Writing a Resume as a Homemaker

One of the unintentional things which may come out of this pandemic is the fact that for several months (or longer), many people will find themselves out of a job and bounced into the role of homemaker. And for those who have already been in that role for a while, the pandemic has meant that it is even harder to think about doing anything else, even when it comes time to possibly move forward. But of all the ‘positions’ that one could have, homemaker, for many people, seems to be impossible to translate into a resume that will be attractive to employers. We hear it quite often actually, particularly from women and breaking through the assumption that a homemaker has nothing to offer an employer can be tricky.

But if you’re here and wondering the same thing, you’re already on the right path! You know that for the last year… two… five… ten… eighteen… twenty! you’ve been doing work. I mean, you’re exhausted at the end of the day, yeah? So how to translate all that experience and work into something that will get an employer excited?

Skills of the Homemaker

Before looking at the resume itself, it’s important to understand what sort of skills you may have learned in your tour of duty. Obviously, this list may not be 100% you nor 100% exhaustive, but it’s enough to give you an idea:

  • Driver (assuming you were the one driving the family around!)
  • Cook (home cooking skills! Bonus points for managing restrictive diets like celiac, diabetes, weight management, lactose intolerance and allergies)
  • Budgeting and money management
  • Cleaning (o, all the cleaning)
  • Time management (so many activities to schedule, so little day)
  • First Aid (you should get certified though if you aren’t already)
  • Conflict resolution (particularly with multiple kids!)
  • Problem solving
  • Knowledge of math, language arts, sciences, history, law, arts… Basically, you may have got up to your grade 12 all over again.
  • Home décor
  • Party and event planning
  • Shopping on a budget
  • Any volunteer experience
  • Research skills (assuming you helped with homework)
  • Leadership skills (especially if you headed up any volunteer activities or took part in them or helped with fundraising)
  • Design work (those fundraising posters may not have created themselves)
  • Baking
  • Strong communication skills

So that gives you an idea of the many things you have been doing as a homemaker. But how to construct a resume out of that?

Time to Build a Resume from Homemaking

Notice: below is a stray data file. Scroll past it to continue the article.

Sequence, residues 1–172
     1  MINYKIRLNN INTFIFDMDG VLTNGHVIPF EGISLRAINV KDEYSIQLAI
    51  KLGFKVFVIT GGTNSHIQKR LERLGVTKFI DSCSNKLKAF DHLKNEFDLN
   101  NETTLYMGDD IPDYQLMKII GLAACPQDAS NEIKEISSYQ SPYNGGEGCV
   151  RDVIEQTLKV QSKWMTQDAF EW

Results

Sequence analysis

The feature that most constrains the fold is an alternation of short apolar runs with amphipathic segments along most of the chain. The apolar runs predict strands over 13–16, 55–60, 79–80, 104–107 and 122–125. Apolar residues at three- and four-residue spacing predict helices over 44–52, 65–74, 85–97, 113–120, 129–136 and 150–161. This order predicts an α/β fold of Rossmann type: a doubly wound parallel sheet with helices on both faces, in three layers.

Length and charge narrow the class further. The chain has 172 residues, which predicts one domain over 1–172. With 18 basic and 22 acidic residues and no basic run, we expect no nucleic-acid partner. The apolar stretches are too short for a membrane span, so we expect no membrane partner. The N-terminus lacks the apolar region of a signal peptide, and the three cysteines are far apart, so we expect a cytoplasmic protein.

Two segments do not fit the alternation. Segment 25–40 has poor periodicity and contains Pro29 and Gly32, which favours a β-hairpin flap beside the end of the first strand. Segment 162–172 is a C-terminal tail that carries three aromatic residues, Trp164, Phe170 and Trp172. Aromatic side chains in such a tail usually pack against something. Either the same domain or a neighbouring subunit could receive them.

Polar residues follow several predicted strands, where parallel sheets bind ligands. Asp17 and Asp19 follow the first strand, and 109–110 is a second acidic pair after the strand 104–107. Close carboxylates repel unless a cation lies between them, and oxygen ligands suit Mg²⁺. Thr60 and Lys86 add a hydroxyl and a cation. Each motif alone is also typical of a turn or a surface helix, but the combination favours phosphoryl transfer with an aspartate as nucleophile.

The absolute first thing to get out of the way is the type of resume. Remember that there are (Roughly speaking) three types: chronological, skills based, and hybrid. For a homemaker, unless you’ve only been doing it for a short time and you were working in the last year or so, you definitely want the skills based. The chronological and hybrid resumes both use work experience as the/a foundation and if you don’t have very much or it’s long out of date, it’s not going to be much use to you.

A skills-based resume is one that puts your top skills front and center, followed by an education and certification and volunteer experience. This type of resume has to be even more carefully targeted than any other kind because you’re really banking on your skill list. Therefore, it’s critical to match your skills to what the employer is looking for and be able to back it.

For example, (and remember that if an employer specifies something as a need then it’s because they have been struggling to find someone with that particular skill set so you really want to follow their lead) a job post may specify the need for someone who is customer centered or good with people or able to help others. (pretty common in one form or another in retail in particular). As a homemaker, what skills can you translate into that? Certainly, communication, conflict resolution, problem solving, and leadership will all be good ones. You may also, depending on the position, be able to highlight skills in research (able to research and recommend products for customers), managing money, and time management will also all be good ones. For many of these, you can drill down to be more specific too – managing money could be explained as maintaining a monthly budget using X program, helping others could cite examples of fundraising or volunteer work, and communication could be as easy as being able to communicate a schedule to the family every day.